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Comic Books and Sexism: A History of the Second Class Caped Crusader

Women have been objectified and downplayed in comic books for 75 years.

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By Ricardo A. Hazell July 07, 2014, 01:26 PM EST

Back in 1975, the Wonder Woman television series gave thousands of imaginative girls and young ladies a super heroine that was a force to reckon with. She was faster and stronger than most men. More beautiful than most women. And wiser than most kings. Though the Linda Carter portrayed version was campy and tongue-in-cheek, it was seen as a start down the road toward equality in comic books and science fiction television and film franchises. However, things didn’t quite go as planned. Since then, there have been no television shows based on female characters from Marvel or DC Comics. Although when it comes to films, we had Catwoman and Electra. But they were both grand disappointments. Which has left us still waiting on a new television series based on a female comic book character for nearly 40 years.  

 

From the very beginning, American comic book publishers have struggled mightily with the idea of creating viable and acceptable female versions of the super powered male staples like Superman, Batman and Captain America. The very first popular female superhero was Fantomah.  Her tagline? “Mystery Woman of the Jungle”. She was created by Fletcher Hanks and first appeared in Jungle Comics #2 in 1940. With all these references to jungles and mysteries, it’s a bit of a surprise that she wasn’t black and was depicted as a tall blonde whose face transformed into a blue skull when her powers were activated. However, she was predated by Sheena: The Jungle Queen, who debuted in her own comic book in 1937.  Both characters predated Wonder Woman, who first appeared in Wonder Woman #1 in 1941. All three of the aforementioned women were clearly inspired by the western world’s fascination with Africa and other far off lands around the dawn of the 20th century. Sheena’s comic book tagline reads: “Trek the jungle trails of killer-beasts and savage men with Sheena, Wild Beauty of the Congo”. She was basically a female version of Tarzan, who first appeared in the Edgar Rice Burroughs novel Tarzan of the Apes in 1912.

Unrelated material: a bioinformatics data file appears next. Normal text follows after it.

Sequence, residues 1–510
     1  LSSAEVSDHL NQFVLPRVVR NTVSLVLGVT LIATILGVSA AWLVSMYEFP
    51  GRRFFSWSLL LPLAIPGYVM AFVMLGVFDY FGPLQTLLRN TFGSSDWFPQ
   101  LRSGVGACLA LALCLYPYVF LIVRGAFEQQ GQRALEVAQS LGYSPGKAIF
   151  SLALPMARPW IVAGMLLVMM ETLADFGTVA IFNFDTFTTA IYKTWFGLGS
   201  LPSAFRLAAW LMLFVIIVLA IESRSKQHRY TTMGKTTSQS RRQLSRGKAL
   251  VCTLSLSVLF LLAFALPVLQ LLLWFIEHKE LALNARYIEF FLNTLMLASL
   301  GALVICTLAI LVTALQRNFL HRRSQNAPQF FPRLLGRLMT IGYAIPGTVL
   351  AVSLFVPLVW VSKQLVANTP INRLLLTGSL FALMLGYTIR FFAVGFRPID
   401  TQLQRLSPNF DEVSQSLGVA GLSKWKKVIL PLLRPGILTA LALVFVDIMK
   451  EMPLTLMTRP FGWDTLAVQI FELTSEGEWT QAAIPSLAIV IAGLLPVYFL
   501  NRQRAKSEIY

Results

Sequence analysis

An interesting fact about Wonder Woman creator, and inventor of the polygraph, William Moulton Marston is that it was his wife Elizabeth, a prominent psychologist, who suggested the character, according to a 2001 issue of Boston University’s alumni publication. In fact, Marston believed she represented the quintessential Wonder Woman of his day and based many of the fictional character’s attributes after her. Wonder Woman and all of the female superheroes who appeared in comic books prior to her share several similarities; being stronger than most men and from some far off exotic location.  Wonder Woman is an Amazon Princess from mystical Themyscira, while both Sheena and Fantomah are from the Congo and ancient Egypt, respectively.  Yes, Africa was considered a far off and mysterious location by many in the western world during the early 20th century and that mindset remains largely unchanged today.  

Though Wonder Woman was created with good intentions in mind, it still was written by a staff of white males who did not have a clue how to portray a strong female figure. While Wonder Woman was clearly a revolutionary character in the 1940s, misogynist viewpoints would creep in. For example, Editor and writer Sheldon Mayer expressed consternation regarding Wonder Woman’s weaknesses inspiring bondage imagery that had been a part of the Wonder Woman lore from the very beginning.   If her bracelets are chained together, she becomes as weak as a normal person. And when they are broken, she loses control of herself once stating “power without self-control tears a girl to pieces." Even the magic lasso, which some felt symbolized feminism, was often used against her by adversaries thus symbolizing the misogynist view that feminism was more of a hindrance to women than it was worth.  In the 1970s, DC Comics implemented its in-house Editorial Policy Code regarding women, putting a patriarchal stance on women in comic books in writing.